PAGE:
By Kristen Fenton
After years of long hair, I decided to be impulsive and get a short haircut. I began my tireless search for the perfect cut for my hair type and facial features. Finally, I found exactly what I wanted in a photo of Jessica Alba: long bangs sweeping across the forehead with gentle curls--full and falling—just past the shoulders.
I brought my picture to the salon and explained to the stylist—in animated detail—how my hair would be transformed into photo-perfect hair. After many gestures and several forms of explanation, I felt I’d said all I could. I took a look in the mirror, drew a deep breath, looked at my stylist and said: “Okay, let’s do this.” By this I meant cut my hair to the specifications I had described. Yet, by this she interpreted cutting several more inches than my plan.
When she finished, I reached back to run my fingers through my hair and was shocked to realize that this process now took a fraction of the time that it used to. My picture of Jessica Alba? Not what was facing me in the mirror.
Later (while internally cursing the stylist who had disregarded my instructions), it struck me that I’ve felt a similar kind of anger toward God lately. I’m in one of those “growth opportunity” seasons of life where I’m living a reality that I never would have planned--a transition period that has lasted far longer than my husband and I would have ever imagined; jobs, health, housing, medical insurance—all up in the air. There are times when I tell God, “This is not the life that I wanted” or “We were obedient to your calling; why is this happening? When are you going to provide?”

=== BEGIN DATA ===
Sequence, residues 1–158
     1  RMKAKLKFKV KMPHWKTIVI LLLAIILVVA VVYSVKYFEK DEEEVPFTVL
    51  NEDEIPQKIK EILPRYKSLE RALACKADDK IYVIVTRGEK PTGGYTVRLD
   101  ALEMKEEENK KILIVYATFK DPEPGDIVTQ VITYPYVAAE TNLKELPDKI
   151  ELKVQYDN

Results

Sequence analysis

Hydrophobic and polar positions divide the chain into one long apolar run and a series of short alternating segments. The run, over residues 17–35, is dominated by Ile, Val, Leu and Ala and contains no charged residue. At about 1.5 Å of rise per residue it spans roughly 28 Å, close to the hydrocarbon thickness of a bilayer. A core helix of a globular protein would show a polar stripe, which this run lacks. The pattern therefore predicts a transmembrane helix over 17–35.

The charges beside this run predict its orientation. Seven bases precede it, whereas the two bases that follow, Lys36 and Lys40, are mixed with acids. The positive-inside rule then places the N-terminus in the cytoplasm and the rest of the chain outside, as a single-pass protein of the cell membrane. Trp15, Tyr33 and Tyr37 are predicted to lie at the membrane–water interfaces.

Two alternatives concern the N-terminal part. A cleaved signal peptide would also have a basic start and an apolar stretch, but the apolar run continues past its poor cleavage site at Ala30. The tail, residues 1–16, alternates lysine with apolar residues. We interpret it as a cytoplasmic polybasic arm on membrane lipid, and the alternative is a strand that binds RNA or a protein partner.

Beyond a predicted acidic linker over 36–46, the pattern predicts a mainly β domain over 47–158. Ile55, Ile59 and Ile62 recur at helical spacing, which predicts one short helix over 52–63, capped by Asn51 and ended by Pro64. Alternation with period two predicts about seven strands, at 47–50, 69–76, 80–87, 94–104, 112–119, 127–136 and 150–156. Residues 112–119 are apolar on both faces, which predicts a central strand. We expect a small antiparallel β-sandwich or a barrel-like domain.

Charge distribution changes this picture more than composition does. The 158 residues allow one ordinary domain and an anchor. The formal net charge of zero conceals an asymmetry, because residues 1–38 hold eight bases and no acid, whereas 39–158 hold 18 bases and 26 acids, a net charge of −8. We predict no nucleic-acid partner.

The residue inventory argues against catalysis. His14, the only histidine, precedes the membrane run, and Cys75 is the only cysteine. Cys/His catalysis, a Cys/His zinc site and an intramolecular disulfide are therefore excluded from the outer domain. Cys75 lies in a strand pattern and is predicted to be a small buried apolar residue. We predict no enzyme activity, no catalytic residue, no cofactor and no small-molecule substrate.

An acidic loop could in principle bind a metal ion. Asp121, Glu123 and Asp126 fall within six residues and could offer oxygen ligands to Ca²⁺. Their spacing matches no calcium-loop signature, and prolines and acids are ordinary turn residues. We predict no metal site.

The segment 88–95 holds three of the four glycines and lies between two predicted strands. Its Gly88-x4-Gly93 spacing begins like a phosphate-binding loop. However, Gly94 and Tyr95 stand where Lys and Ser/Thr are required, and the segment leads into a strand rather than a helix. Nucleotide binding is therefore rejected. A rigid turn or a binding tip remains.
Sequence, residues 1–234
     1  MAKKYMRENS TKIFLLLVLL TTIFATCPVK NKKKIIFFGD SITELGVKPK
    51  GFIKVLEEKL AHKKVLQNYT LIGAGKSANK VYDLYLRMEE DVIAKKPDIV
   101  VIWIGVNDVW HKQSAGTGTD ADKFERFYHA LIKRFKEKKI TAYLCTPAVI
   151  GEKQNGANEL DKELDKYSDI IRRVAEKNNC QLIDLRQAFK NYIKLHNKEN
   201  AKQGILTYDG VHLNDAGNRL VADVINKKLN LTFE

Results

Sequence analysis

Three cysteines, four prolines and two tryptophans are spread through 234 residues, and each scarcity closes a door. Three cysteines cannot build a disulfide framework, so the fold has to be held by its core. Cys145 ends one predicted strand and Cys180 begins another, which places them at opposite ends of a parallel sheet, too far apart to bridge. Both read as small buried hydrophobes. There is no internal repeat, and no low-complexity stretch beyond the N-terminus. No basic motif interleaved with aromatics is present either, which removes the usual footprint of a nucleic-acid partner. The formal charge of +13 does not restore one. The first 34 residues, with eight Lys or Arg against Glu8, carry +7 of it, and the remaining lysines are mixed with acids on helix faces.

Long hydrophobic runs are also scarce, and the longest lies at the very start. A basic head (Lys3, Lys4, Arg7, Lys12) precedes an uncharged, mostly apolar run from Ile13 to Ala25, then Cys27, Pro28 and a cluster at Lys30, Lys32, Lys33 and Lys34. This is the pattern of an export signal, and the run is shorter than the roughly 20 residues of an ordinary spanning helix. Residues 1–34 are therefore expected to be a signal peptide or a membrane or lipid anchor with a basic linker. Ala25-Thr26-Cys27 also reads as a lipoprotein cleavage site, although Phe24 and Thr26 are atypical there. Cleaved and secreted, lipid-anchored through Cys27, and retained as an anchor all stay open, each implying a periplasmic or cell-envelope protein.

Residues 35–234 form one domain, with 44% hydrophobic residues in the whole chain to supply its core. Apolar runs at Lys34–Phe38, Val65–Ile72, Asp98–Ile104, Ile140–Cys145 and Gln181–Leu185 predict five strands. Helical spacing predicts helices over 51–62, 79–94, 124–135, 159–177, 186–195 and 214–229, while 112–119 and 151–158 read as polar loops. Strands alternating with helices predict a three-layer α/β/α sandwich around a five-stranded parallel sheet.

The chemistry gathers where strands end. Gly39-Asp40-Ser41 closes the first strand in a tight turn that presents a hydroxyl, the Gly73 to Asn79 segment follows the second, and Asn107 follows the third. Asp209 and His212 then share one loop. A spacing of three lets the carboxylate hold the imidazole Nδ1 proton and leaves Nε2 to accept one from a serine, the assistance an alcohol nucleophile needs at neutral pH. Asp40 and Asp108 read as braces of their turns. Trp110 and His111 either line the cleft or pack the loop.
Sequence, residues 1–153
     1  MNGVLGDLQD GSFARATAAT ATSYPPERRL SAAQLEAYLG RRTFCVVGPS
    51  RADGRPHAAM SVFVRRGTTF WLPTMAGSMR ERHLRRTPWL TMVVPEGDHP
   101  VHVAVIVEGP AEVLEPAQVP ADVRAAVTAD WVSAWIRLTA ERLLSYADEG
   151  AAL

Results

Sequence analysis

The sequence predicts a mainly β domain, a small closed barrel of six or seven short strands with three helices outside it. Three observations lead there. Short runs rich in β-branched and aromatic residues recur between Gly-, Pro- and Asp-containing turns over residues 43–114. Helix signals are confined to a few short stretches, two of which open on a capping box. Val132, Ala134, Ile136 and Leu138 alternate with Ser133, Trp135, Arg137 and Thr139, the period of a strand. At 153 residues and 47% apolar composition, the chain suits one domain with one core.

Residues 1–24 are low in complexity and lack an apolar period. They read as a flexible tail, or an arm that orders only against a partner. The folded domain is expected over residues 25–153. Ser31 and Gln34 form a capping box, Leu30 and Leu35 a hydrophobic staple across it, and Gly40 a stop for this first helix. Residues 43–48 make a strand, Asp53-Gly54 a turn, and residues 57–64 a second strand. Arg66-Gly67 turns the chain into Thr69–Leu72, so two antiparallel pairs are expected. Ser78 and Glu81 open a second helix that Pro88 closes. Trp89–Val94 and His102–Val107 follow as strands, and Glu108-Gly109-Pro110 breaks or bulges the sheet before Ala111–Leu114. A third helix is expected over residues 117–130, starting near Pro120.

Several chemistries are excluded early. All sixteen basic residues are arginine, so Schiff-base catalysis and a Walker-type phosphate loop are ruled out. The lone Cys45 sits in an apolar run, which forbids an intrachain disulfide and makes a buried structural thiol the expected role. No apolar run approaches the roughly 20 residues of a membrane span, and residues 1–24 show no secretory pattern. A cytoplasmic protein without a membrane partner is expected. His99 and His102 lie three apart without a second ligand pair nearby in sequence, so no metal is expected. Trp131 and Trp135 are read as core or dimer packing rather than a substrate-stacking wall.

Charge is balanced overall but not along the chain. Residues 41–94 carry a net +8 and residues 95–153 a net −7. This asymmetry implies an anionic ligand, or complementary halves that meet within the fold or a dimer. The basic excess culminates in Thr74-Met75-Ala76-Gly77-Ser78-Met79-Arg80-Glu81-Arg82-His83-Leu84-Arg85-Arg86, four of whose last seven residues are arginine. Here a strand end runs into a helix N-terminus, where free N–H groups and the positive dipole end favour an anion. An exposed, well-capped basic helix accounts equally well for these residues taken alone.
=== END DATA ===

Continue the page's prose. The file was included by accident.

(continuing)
I realize that I treat God like I treat my hairstylist. I give God my picture and “dream life specifications” and expect Him to follow through like some sort of genie. Somehow I believe that this picture is what is best for me. In the midst of the waiting, the uncertainty, the “not yet” season of my life, I’m learning that I have a hard time trusting God. But I am seeking to be honest with him and let him into my anger, sadness, grief, and confusion. I’m practicing this honesty because I have a tendency to put on a happy face, search for the silver lining, and pretend that I am content even though my heart feels far from it. I grew up thinking that God liked me better if I was a good girl that followed all the rules. I’m realizing that he prefers that I bring my whole, real, broken self to him instead of my self-polished facade. I’m in process and thankful that God is making his presence and grace known to me in this season.
I’m not loving this haircut. I wouldn’t do it again. But, fortunately I’m starting to (literally and figuratively) grow into this new look.